The backlash over Kofi Kingston’s WWE Championship loss to Brock Lesnar was immediate and highly explosive. Fans all over the world were outraged at the company’s decision to end Kofi’s title run in nine seconds and they made their feelings known across social media.
Diehard fans, casual viewers, writers and critics alike protested the move with great passion and fury. The rage was palpable as WWE was demonized for putting the belt back on Brock. For those who predicted the win, there was no anger involved. But for many others who continue to vilify WWE, the fact is that this loss tarnished Kofi Kingston’s run as champion.
Kofi’s loss on Friday Night SmackDown was met with the exact opposite reaction as his win at WrestleMania 35. Kofi’s victory over Daniel Bryan that night was the culmination of a career’s worth of effort. Kingston had always been the good solider, the guy who did everything asked of him and always gave everything he had to the company.
But that work never seemed to be recognized, as he was not allowed to realize his full potential Kofi had plenty of opportunities to prove himself with secondary titles and he more than delivered every time. However, his elevation hit a ceiling and like many other Superstars before him, he was kept in one spot for the duration of his WWE career.
So when Kofi finally got the nod at Mania, fans that followed him from day one were obviously thrilled with the move. They believed in Kingston and their faith in him was validated at long last. But Kingston’s title win wasn’t just a single victory for a hardworking talent. It represented a lot more to fans than Kingston, or WWE, could ever imagine.
Kofi’s ascension was symbolic of the hopes and dreams held by young and old fans alike. Kingston’s win spoke to fans of all races and especially to African Americans, who saw themselves in him. For years, WWE had been criticized for never putting its primary championship on an African American. That did not apply to the World Championship, or the rest of the titles.
But the WWE Championship was the Holy Grail and for some reason, it was kept just out of reach. No one knew exactly why and even though that point of view was highly debated over the years, no one could deny the passion that many fans brought to that debate. So when an African-born Superstar became WWE champion, it was indeed a milestone that represented much more than just one title change on one night.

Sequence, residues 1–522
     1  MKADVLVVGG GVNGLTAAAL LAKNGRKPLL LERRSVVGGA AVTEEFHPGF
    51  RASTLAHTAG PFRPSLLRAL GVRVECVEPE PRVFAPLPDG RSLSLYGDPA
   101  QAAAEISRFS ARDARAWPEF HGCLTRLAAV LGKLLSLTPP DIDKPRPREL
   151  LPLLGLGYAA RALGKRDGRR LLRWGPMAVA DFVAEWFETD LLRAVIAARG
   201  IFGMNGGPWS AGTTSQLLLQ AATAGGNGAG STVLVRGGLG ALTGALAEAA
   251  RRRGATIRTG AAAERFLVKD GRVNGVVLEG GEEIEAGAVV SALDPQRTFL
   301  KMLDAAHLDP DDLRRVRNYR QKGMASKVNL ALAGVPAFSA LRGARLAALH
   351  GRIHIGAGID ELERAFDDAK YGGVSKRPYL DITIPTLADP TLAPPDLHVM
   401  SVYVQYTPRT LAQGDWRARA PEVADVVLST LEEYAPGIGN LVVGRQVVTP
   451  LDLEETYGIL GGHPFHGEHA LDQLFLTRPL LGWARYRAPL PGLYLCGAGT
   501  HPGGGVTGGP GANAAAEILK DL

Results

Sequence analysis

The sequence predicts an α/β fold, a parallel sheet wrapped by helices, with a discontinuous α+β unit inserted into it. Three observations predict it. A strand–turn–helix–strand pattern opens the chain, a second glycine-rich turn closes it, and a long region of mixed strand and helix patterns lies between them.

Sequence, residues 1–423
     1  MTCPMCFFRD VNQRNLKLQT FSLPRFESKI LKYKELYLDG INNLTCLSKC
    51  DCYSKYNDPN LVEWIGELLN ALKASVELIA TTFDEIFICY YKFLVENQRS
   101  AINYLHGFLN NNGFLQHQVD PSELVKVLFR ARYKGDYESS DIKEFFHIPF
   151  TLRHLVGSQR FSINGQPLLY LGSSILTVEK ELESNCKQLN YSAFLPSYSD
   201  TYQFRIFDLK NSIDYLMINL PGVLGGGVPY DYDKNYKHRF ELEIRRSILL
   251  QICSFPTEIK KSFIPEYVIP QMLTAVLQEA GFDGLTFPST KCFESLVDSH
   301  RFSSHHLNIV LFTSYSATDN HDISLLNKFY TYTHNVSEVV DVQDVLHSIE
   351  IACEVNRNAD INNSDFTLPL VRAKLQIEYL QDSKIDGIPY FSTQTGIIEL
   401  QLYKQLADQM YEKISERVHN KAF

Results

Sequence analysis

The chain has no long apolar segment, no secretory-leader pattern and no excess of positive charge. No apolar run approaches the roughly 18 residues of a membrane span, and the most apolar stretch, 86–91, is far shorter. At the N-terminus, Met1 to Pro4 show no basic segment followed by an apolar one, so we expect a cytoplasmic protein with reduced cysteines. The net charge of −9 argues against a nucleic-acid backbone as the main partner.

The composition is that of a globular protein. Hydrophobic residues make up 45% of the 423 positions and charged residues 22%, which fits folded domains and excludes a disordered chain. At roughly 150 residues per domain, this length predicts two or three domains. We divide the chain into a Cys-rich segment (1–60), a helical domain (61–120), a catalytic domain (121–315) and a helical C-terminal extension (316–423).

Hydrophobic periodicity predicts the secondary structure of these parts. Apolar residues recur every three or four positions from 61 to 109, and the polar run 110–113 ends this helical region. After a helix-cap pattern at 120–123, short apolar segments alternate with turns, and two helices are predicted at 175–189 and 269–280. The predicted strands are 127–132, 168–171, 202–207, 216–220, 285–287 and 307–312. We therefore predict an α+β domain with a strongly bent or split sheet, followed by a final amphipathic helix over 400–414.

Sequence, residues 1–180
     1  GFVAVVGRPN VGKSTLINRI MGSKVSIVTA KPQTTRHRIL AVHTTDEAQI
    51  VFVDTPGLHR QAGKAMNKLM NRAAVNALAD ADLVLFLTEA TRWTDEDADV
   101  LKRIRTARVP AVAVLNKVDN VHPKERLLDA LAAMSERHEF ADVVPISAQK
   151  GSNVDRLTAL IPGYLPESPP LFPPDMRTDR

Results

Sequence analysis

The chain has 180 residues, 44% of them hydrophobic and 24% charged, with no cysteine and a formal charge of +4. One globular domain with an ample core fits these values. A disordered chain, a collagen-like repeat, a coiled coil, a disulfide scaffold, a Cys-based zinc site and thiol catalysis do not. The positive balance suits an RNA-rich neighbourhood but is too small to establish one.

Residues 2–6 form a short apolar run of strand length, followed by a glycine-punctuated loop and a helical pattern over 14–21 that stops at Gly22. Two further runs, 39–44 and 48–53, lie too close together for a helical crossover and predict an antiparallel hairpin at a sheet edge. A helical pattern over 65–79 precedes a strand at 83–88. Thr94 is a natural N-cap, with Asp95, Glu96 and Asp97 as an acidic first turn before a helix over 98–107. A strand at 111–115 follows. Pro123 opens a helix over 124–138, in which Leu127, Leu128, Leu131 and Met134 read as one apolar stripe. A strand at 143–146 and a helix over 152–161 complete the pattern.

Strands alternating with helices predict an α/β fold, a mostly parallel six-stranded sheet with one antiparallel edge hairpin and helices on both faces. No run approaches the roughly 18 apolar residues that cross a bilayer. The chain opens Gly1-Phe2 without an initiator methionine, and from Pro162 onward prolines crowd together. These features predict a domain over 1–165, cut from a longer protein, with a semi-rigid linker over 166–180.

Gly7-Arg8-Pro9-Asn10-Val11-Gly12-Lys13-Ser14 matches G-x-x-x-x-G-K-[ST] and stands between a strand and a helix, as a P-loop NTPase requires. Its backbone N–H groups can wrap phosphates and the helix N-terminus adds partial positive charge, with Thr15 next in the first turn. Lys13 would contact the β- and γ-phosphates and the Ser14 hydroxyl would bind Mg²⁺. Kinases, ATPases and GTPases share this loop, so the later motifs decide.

However, the man that walked away with the victory had to continue on as champion. Kofi’s win for what is arguably the most coveted prize in pro wrestling, did not guarantee a convincing title run. Kingston’s time as WWE champion was met with cautious optimism by some and outright criticism by others. Was he the right man to carry the mantle? Or was it a feel-good story that perhaps lasted too long?
Kingston had nearly six months as champion and in all that time, his work was almost always met with praise. Fans didn’t seem to have a problem with him between the ropes, as the disappointment surrounding him was attributed to his booking. Why did WWE continue to spotlight him as the fun-loving, carefree Superstar he had been before WrestleMania 35? Why was he never allowed to grow and evolve as WWE champion?
Those questions do not seem to have satisfying answers and now that he’s lost the belt, the curiosity concerning his run is more obvious than ever. Is Kofi Kingston a true main event powerhouse because of his stint as WWE champion and if so, was that the plan behind his booking all along? It could be that WWE gave him a shot with the belt to see how he would handle it and more importantly, how he would handle it once he lost.
But was the decision to give Kingston the title actually that complex? Or is this a case of WWE simply rewarding a guy who worked hard and popped the crowd en route to Mania? Is it possible that the company would hand out championships on a whim like that, or is there much more to it than anyone knows?
The fact is that professional wrestling is extremely subjective. What makes one fan happy, won’t necessarily make the next fan happy. Responses and reactions are often spontaneous, based upon a fan’s own point of view. It’s a deeply personal process for many, who scrutinize the business as something much more than just a simulated combat sport with predetermined outcomes.
But some fans don’t understand the outcry against Kofi’s title loss. If his run was less than stellar and if Lesnar is a top draw, then why not make the switch? Brock has crushed one opponent after another over the years and if Kingston was indeed meant to lose, why does it matter if his loss came in only nine seconds? But could it be those fans are missing the point?
The message behind Kofi’s win at WrestleMania was clear and straight to the point: work hard, don’t give up and you can achieve your dreams. It was a message that spoke to fans from every walk of life and WWE used it to reinforce Kofi’s main event run. But when he was destroyed by the part-time star that WWE has presented as pampered and privileged? Does that nullify the statement made by Kofi Kingston’s title win?
Or is all of this nothing more than a pro wrestling storyline? How much deep thought went into this on Vince McMahon’s part, or the part of WWE Creative? Is Kofi just playing his part in all of this, just as Brock Lesnar is? For those who believe something sinister is involved, no explanation will do. For those who believe it’s just fun and games, no explanation is necessary. Somewhere among the debate is the truth and whether fans will ever really know it, remains to be seen.
Tom Clark can regularly be seen on Wrestling Rumors. His podcast, Tom Clark’s Main Event, is available on iTunes,YouTube, iHeart Radio, boinkstudios.com and live every Friday at 12pm EST on Wrestling Rumors Facebook Live